Gonzales Underground Water Conservation District holds Western Mitigation Fund workshop


The Gonzales Underground Water Conservation District began the process of amending the contract of the Western Mitigation fund, which is currently without funds after reportedly spending most of its mitigation funding in 2022 during Gonzales’ third worst drought on record.

The Western Mitigation fund, which aims to offset the effects of outside pumping within the district — such as Guadalupe Blanco River Authority in the Carrizo aquifer — reportedly spent $366,450 in 2022, with $208,000 being directly after Gonzales’ extreme drought conditions in November in the Carrizo aquifer. 

“Usually that transition between summer and fall is the highest mitigation time,” GUWCD General Manager Laura Martin said. “Those (November) invoices were all submitted for October. That drought hit and we still hadn’t gotten any rain and people started seeing the effects of not only the water producers pumping, but everybody pumping to supply for their cattle and their hay.”

GBRA is asking the Gonzales County Underground Water Conservation District to increase its permit from an original 15,000 acre-feet of water rights in the Carrizo Aquifer to 24,000 acre-feet, an increase of 9,000 acre-feet.

As an option in a last case scenario, the GUWCD has asked to pull funds from the Eastern Mitigation to the Western and are still awaiting further updates. This is the first of many workshops to the Western Mitigation fund contract.

There is a cap of $40,000 for those who will be needing the mitigation program when it will be in place, which could take weeks or months according to Mike St. John, Precinct 2 director, at the most recent board meeting.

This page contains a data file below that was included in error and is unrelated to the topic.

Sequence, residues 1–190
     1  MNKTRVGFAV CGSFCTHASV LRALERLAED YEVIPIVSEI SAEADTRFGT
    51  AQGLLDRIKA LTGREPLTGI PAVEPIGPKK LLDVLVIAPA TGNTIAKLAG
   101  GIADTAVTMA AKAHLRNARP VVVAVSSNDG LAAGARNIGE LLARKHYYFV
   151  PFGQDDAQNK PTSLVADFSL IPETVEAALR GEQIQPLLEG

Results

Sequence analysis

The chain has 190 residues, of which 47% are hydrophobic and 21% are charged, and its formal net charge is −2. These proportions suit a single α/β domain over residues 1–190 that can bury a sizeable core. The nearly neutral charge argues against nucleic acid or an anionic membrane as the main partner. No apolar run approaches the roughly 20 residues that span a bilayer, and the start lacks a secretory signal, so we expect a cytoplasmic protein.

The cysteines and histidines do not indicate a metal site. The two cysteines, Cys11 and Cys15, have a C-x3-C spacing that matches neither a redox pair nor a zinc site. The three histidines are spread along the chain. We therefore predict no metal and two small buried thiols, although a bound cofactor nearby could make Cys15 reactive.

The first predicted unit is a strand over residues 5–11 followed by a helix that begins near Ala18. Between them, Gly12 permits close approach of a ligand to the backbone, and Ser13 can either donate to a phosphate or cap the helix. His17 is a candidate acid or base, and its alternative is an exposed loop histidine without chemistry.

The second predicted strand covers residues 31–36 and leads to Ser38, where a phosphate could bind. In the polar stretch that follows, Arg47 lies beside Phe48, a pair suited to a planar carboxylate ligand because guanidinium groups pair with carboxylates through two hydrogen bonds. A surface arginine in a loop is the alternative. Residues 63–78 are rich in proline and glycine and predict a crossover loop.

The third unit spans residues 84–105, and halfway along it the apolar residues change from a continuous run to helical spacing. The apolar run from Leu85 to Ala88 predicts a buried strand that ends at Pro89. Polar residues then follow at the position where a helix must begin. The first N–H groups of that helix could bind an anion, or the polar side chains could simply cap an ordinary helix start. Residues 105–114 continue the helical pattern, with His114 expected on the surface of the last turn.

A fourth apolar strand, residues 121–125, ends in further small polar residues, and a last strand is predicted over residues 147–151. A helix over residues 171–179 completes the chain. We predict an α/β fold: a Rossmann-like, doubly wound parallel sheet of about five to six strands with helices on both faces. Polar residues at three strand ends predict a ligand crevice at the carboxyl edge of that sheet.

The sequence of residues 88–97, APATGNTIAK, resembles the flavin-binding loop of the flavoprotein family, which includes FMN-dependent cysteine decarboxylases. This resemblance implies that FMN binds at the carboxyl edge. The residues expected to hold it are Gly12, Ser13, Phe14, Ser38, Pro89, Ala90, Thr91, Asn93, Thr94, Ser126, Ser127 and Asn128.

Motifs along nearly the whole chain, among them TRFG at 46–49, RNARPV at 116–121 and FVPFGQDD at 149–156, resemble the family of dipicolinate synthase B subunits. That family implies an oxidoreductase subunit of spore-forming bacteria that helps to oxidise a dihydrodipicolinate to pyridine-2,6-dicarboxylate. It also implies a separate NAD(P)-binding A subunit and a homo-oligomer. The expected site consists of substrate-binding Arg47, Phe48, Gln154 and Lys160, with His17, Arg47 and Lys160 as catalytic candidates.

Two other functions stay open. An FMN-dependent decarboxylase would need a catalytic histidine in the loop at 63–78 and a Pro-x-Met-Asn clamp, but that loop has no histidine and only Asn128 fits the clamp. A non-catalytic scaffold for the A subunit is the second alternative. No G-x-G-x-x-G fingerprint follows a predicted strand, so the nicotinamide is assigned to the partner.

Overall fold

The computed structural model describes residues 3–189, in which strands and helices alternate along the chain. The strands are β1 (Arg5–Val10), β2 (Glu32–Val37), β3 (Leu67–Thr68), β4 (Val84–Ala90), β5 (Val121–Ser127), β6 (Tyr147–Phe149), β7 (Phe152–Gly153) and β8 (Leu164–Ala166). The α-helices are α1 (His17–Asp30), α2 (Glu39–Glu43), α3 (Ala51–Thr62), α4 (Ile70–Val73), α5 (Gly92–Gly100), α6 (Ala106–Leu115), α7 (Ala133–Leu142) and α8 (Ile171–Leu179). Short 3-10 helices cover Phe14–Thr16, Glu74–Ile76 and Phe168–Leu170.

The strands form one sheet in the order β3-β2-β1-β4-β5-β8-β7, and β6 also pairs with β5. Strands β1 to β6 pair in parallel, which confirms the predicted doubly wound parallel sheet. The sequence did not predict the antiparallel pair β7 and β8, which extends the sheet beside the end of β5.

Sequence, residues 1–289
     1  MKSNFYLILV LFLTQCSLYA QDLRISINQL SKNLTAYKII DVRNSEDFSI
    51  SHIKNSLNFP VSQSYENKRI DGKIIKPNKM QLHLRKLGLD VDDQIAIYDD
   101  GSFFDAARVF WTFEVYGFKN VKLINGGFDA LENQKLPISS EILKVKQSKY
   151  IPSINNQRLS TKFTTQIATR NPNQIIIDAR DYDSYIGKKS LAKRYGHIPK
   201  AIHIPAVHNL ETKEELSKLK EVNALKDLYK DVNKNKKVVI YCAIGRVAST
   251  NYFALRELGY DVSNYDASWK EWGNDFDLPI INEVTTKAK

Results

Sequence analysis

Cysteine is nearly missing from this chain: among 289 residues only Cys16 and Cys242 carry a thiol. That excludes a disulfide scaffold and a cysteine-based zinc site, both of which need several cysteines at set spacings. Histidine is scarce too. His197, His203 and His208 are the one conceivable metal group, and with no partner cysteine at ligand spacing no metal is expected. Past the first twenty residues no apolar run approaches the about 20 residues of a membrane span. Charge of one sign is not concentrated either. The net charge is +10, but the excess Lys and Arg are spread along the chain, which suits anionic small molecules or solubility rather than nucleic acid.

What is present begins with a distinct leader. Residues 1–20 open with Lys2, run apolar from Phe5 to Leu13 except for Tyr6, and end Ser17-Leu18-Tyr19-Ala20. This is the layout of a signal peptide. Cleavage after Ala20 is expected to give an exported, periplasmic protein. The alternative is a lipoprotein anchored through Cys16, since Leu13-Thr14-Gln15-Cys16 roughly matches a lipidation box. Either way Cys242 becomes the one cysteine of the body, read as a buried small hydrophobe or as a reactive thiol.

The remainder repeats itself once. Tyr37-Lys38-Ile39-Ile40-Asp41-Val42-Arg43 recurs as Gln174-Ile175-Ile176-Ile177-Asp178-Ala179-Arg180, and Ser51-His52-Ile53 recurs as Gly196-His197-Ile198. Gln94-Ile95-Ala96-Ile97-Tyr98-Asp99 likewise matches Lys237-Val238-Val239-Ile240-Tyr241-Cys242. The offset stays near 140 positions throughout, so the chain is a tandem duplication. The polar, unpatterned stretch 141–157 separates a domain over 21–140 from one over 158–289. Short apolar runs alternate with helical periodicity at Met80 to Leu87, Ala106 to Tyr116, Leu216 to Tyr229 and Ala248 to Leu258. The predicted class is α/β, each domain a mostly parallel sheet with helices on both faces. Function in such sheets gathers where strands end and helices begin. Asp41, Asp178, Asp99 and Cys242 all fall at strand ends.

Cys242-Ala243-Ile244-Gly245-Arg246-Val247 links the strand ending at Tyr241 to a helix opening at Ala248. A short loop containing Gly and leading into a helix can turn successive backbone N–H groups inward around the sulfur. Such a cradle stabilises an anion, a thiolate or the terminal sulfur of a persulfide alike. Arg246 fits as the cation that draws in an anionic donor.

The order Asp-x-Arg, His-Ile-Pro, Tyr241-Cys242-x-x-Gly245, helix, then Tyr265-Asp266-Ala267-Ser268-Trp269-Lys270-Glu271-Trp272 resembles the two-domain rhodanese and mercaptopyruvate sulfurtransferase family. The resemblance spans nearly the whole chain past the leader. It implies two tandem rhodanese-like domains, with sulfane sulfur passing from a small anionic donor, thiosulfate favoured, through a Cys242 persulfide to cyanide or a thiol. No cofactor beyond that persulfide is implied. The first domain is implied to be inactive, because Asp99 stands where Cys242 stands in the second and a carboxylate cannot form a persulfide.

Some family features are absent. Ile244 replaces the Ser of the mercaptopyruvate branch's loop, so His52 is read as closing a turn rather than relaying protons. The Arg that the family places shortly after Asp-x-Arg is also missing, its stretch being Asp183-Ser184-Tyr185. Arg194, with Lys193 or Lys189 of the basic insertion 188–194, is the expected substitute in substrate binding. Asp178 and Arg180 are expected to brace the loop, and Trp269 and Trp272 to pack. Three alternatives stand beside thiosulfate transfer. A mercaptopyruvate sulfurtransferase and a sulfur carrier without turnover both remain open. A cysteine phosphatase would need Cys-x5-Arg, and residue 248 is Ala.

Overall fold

According to GUWCD, there will be six primary changes to the Western Mitigation Program to help resolve financial instability. They claim this was necessitated by the lack of funding that has occurred as a result of both an extended drought — third biggest on record in 2022 for the county — and the rise of both material and labor costs in handling mitigation requests.

The six key issues were ordered by importance for those affected by outside drainage in the Carrizo Aquifer, with the top three being residential homes who have one or more residents over 65 years of age; any residential home near Carrizo regardless of age (under 65); and a residential home with a livestock concurrent use of ground water from a Carrizo well, respectively. 

Going down that list, the bottom three considerations included a non-residential home that’s primary use is livestock; any secondary home irrespective of any age; and any non-residential home that’s primary use is solely for business or commercial purposes respectively.

As an option in a last case scenario, the GUWCD has asked to pull funds from the Eastern Mitigation to the Western.

If multiple Carrizo wells exist on a single property, then only one will be in qualification. GUWCD will look at each of these wells on a case-by-case basis.

This decision, made at the Jan. 10 GUWCD board meeting, was met with some citizen pushback — with many concerns regarding the amount of drainage being pumped in such a concentrated area.

A preliminary contested case hearing on the Guadalupe-Blanco River Authority’s request to drill three additional water wells in the Carrizo Aquifer has been set for Thursday, Feb. 16, before hearing examiner Judge Stephen B. Ables.

The individuals who are protesting the permit application have until Jan. 23, 2023, to submit all briefs to Ables for review, while the applicants have until Feb. 6, 2023, to submit their responses. The hearing will be held at 10 a.m. Thursday, Feb. 16, at the Gonzales County Underground Water Conservation District, 522 Saint Matthew Street, Gonzales.

Readers affected by Western mitigation funding can email the Gonzales Inquirer at publisher@gonzalesinquirer.com to share their comments.